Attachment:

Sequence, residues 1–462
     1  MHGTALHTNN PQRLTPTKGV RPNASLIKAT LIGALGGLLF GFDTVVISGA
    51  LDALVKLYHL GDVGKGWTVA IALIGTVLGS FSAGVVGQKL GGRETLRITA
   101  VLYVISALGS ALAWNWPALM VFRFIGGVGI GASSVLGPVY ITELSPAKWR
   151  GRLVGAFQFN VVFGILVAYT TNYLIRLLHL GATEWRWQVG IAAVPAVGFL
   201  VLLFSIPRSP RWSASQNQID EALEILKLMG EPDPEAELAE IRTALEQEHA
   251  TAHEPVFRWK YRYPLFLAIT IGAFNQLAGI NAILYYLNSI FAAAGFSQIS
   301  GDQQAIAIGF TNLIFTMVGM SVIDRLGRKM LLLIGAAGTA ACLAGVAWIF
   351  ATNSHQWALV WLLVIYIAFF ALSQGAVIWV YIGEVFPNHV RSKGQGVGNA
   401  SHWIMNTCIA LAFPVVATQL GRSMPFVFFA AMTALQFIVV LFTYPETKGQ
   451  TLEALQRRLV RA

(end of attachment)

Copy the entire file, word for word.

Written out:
Sequence, residues 1–462
     1  MHGTALHTNN PQRLTPTKGV RPNASLIKAT LIGALGGLLF GFDTVVISGA
    51  LDALVKLYHL GDVGKGWTVA IALIGTVLGS FSAGVVGQKL GGRETLRITA
   101  VLYVISALGS ALAWNWPALM VFRFIGGVGI GASSVLGPVY ITELSPAKWR
   151  GRLVGAFQFN VVFGILVAYT TNYLIRLLHL GATEWRWQVG IAAVPAVGFL
   201  VLLFSIPRSP RWSASQNQID EALEILKLMG EPDPEAELAE IRTALEQEHA
   251  TAHEPVFRWK YRYPLFLAIT IGAFNQLAGI NAILYYLNSI FAAAGFSQIS
   301  GDQQAIAIGF TNLIFTMVGM SVIDRLGRKM LLLIGAAGTA ACLAGVAWIF
   351  ATNSHQWALV WLLVIYIAFF ALSQGAVIWV YIGEVFPNHV RSKGQGVGNA
   401  SHWIMNTCIA LAFPVVATQL GRSMPFVFFA AMTALQFIVV LFTYPETKGQ
   451  TLEALQRRLV RA